I drove the Toyota's "midsize" pickup truck, the Tacoma, for a few days. It was a Limited (loaded) 4x4 version, double cab. Approximately $40,000 MSRP.
It competes primarily with the Chevrolet Colorado and GMC Canyon, both of whom were made available starting in late 2014. There is also the Nissan Frontier.
Here is how the US sales stats for calendar year 2015 stack up:
Toyota Tacoma: 179,562, up 15.4% from 2014
Nissan Frontier: 62,817, down 15.5% from 2014
GMC Canyon: 30,077, up 880% from 2014
Chevrolet Colorado: 84,430, up 955% from 2014
Basically, the Toyota Tacoma significantly out-sold the GMC Canyon and Chevrolet Colorado combined, in the US in 2015. It basically sold as many units as its three major competitors combined. As you can tell, I have disregarded the Honda Ridgeline in this particular comparison.
The Tacoma looks good. It's not so much "macho" as it is "sport" which some people will like, and others won't. I think the GMC Canyon is the best-looking of the bunch.
I drove the GMC Canyon and Chevrolet Colorado a year earlier, and I found two advantages of the Toyota Tacoma over those two. First, the Tacoma has a push-button start. Second, the Tacoma has a hand brake, instead of a foot parking brake.
Unfortunately for Toyota, that's where its advantages and positives end.
Just getting into the cab poses an unusual challenge, especially for a truck. The distance from the seat to the ceiling is so low, that I have to bend my head to get in. Once in the seat, one notices that the distance between the steering wheel and the pedals is too short. This makes for a bad seating position. It reminds me a little about the 2005-2009 Prius, and in the worst way.
What's even worse is that in this seating position, my head rests against the ceiling and the B-pillar. Ouch. Maybe if this had been in a mini-car… but this is a truck! I can't think of any car in the last couple of year, where this has happened to me.
The seat materials and other appointments are not particularly good. Perhaps better than trucks of yore, but this thing has nothing on the new Ford F-150, for example -- or for that matter the Nissan Titan XD or the GM or RAM trucks. The seat is passable, but not more. Heated steering wheel? No. Cooled seats? No.
In Toyota fashion, the instrument controls are easy to use, but the infotainment system has a shiny cover that reflects into my eyes, painfully. The volume and tuning knobs are hard to see in the dark, and it's easy to touch something on the screen while trying to tune them. The knobs are too small in two ways: Too small diameter, and they don't protrude enough.
The cup holders have a shiny trim piece around them that reflect sunlight into my eyes in a most nasty way. While we're on the subject of reflecting nasty sunlight, this is the first time I remember in any vehicle, that the hood over the engine bay also reflects into my eyes.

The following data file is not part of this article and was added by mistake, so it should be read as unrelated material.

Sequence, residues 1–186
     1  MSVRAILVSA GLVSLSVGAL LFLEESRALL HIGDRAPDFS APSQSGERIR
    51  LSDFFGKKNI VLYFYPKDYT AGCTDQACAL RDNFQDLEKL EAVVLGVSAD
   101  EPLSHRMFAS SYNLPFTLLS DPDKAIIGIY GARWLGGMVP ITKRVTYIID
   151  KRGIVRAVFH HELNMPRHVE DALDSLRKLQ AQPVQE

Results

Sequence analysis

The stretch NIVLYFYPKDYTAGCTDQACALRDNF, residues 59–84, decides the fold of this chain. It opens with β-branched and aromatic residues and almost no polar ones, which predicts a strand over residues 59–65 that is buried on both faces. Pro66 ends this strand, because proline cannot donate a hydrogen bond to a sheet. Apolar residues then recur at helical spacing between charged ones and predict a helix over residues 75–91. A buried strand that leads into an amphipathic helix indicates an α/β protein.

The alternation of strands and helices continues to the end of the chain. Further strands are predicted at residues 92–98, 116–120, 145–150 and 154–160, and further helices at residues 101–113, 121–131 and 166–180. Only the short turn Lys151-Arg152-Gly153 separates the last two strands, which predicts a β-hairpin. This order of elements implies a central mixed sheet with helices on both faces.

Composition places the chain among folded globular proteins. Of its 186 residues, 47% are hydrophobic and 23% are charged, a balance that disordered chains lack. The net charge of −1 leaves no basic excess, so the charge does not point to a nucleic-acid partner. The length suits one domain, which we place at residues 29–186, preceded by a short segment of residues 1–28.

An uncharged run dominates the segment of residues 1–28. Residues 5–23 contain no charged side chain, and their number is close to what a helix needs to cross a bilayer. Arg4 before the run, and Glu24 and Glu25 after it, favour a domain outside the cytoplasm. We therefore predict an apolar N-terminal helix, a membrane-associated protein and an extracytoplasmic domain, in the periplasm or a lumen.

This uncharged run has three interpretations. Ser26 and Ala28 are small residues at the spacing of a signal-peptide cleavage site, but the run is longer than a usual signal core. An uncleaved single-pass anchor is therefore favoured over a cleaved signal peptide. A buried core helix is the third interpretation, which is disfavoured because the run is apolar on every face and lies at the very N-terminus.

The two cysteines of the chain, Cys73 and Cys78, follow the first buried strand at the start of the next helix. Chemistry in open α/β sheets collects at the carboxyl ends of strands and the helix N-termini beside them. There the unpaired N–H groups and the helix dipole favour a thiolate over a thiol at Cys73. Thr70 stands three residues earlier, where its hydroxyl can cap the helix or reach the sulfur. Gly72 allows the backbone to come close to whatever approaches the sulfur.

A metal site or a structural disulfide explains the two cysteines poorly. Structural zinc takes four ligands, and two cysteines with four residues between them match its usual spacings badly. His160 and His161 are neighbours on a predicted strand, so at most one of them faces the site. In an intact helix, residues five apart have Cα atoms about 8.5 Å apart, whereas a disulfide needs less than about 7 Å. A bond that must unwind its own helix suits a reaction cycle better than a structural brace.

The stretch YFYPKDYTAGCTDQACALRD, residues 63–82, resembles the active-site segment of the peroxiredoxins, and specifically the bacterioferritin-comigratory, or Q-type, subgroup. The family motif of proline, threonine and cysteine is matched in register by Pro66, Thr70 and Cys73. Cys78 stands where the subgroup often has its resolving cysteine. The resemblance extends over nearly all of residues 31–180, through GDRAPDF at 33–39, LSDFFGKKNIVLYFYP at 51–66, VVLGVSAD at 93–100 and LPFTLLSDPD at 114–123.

Turning on the engine for the first time, I thought someone had played a joke on me. The sound was so loud and nasty, together with massive vibrations all the way to the steering wheel and pedals, that I thought it was a military vehicle from the 1960s. I cannot remember a more un-smooth vehicle I've tested in years.
The engine really sounds like a diesel -- and I don't mean that in a good way. It's loud, metallic, and vibrates like a 1920s airplane. Ouch, ouch, ouch.
Simply speaking, this may be the least refined drive experience I have had in testing 250+ cars over the last 3+ years. With the exceptions of foot-vs-hand brake and pushbutton start, the GM midsize pickup trucks run circles around this Toyota Tacoma.
Rubbing it in, the GM trucks also have these five things:
-- Android Auto
-- Apple CarPlay
-- 4G LTE
-- WiFi hotspot
The GM midsize trucks handle better, steer better, have a far less worse gasoline V6 engine, and they have better seating position. They are also available as a diesel, something the Toyota Tacoma does not offer.
I understand that the Tacoma has a superb quality reputation, and that's a most important trait, to be sure. It had better continue to have a superior such going forward, for the truck is simply not even close as good as the GM midsize trucks.
Fuel economy is rated at 17 MPG city, 23 MPG highway, and that's what I got too.
Disclosure: I am/we are long GOOGL.
Additional disclosure: At the time of submitting this article for publication, the author was long GOOGL. However, positions can change at any time. The author regularly attends press conferences, new vehicle launches and equivalent, hosted by most major automakers. Toyota hosted a factory visit, and provided the vehicle for review.